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Kaukasus - I CD (album) cover




Crossover Prog

3.92 | 113 ratings

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4 stars Kaukasus is one of those albums that completely threw me for a loop, unable to get my creative juices flowing and write a decent review. I had little difficulty in admiring all the sundry elements that jump out so obviously at first glance, such as the background of the storied musicians involved, the cool Nordic gleam of the music and the murky yet compelling artwork. The seven mid-sized tracks are drenched in copious amounts of mellotron, sultry electronic detailing and solid rhythmic propulsion. So why all this procrastination? Well, the main reason is that it's all quite experimental and yet commercially endowed, a collision between the concrete and the unreal that can really complicate the description of the music that is unleashed to the unsuspecting audiophile. There is a song within each song, some sonic exploration that is quite unexpected and stunning, making for a rather complex assumption on the merits of this project. Rhys Marsh, Mattias Olsson and Ketil Vestrum Einarsen have concocted a rather unusual mixture of styles and sounds, many beyond the scope of comfortable prog (surges into electronic soundscapes, mystifying world music tendencies and odd instrumental observations). Individually the pieces are exploratory and significantly adventurous.

"The Ending of the Open Sky" is a great song but as an opener, it asks more questions than one could possibly hope for and deal with. Brooding and chaotic in that very pristine Norse sense that we all enjoy, the syncopated almost primal urgency expressed by the Olsson drums blends nicely with the bombastic synthesizer cascades, the suppliant voice of singer Marsh that winks at Landberk's Patrik Helje and some dark and somber atmospheres.

A colossal masterpiece like the nearly 9 minute "Lift the Memory" is of world class pedigree, a true wizard of a track that settles comfortably into the brain and provides immediate and incredible pleasure. The lead vocal is particularly exalted, a wispy drugged-up cottony wail, loaded with unbridled pain and serenity. Marsh is a truly first class vocalist, as well as a supplier of guitars, bass and keyboards. Mattias Olsson spares little effort in bashing long and hard as only he can. Einarsen then infuses some Eastern/Asian tendencies that shoot for the distant stars before a brutal bass and drum attack reintroduces that plaintive and soaring theme.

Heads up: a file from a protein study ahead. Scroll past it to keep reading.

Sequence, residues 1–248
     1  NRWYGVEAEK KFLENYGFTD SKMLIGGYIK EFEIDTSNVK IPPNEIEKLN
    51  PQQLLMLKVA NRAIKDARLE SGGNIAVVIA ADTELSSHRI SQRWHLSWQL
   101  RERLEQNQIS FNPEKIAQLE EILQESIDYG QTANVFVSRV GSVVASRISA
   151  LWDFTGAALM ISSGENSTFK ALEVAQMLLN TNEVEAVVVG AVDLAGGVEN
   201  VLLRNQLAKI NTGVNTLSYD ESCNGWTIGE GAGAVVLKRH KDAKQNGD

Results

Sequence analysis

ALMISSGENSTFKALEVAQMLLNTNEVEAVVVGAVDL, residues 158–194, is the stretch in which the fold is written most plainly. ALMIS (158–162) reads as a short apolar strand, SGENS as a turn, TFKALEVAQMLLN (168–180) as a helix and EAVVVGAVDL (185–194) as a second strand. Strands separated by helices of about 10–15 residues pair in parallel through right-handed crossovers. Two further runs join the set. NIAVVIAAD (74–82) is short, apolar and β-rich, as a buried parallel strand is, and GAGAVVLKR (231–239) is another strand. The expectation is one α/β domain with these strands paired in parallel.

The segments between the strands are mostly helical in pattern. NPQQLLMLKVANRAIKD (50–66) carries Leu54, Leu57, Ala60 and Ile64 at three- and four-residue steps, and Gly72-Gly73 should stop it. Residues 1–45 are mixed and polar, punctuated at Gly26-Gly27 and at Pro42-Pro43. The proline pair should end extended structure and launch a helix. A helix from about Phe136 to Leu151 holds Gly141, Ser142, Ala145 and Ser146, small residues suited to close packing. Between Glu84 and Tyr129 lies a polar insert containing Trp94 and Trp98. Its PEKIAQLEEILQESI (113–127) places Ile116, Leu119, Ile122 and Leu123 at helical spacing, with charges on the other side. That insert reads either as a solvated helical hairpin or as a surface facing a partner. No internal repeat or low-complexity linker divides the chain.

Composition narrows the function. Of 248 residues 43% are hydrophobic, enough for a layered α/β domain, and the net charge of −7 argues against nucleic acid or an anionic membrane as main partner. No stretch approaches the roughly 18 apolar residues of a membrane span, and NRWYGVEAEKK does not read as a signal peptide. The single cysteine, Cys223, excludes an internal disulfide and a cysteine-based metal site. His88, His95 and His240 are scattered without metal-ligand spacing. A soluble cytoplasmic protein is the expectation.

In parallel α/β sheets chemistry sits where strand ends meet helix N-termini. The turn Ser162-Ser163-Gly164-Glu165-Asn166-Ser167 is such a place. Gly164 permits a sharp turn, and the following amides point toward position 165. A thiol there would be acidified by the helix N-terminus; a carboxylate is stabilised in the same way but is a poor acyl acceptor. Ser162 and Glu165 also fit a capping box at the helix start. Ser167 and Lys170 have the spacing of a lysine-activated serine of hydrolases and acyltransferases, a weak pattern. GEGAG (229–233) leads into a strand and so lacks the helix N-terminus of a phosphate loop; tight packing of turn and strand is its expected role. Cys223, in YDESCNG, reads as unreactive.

"In the Stillness of Time" and "Starlight Motion" are twin and blending tracks that combine to keep a similar style and yet compelling enough to visit new musical galaxies. The first has an almost piano-led Joe Jackson jazzy urban cool a la "Stepping Out", with subtle electro colorations and a downright sweet Rhys Marsh vocal. Mellotron squalls enter the fray only to heighten the anguish, the bombast equally up to the task. The latter half is interesting in that there are some cavernous ambient passages, ultra-electronic scapes laden with effects and veiled voices as well as more conventional prog details to keep the edge honed and sharp. There are slight hints of Eno, Can and various similar audio-experimentalists.

The mellotron-shrouded "Reptilian" shakes the tree and veers off into another zone, perhaps more immediate and pulsating than the previous, more ambient pieces. Syncopated and oblique, the coiling arrangement has as much dissonance as it has direction, a gruesome desolation at times that hint at the deepest abyss, seduced by some fluttering flute expectation. This is a combination of profound, jarring and unsettling melancholia, yet also quite romantically seductive and appealing in a way. Hard to finger it in simple terms but its smart music to say the least.

"The Witness provides the answer" aches the despondent voice of Mister Marsh, a gloomy and solemn piece that flirts with late Talk Talk/Mark Hollis minimalism. Echoing pools of light, lugubrious shadows that momentarily shroud the view, a solitary flute searching out some respite and a timeless sense of escape are all characteristics that leap out from the speakers.

"The Skies Give Meaning" shuts this one down, an 8 minute escapade fueled by some manic drumming and lush percussion work, a slowly building vortex of emotions and rhythmic splendour. Half way in, the mood intensifies to the point of volcanic explosion, a psychotic Marsh howling like a midnight wolf, violent, disturbed and angry. If you like your prog dark and shadowy, Kaukasus is where you need to travel to.

I see this as autumnal music, which may explain why the sunny and hot summer did not bring out all the intoxicating aromas and delicate flavors of this Norwegian debut. A difficult indoctrination perhaps at the outset but repeated patient returns will flesh this fine release out to anyone's satisfaction.

4 central Asias.

tszirmay | 4/5 |


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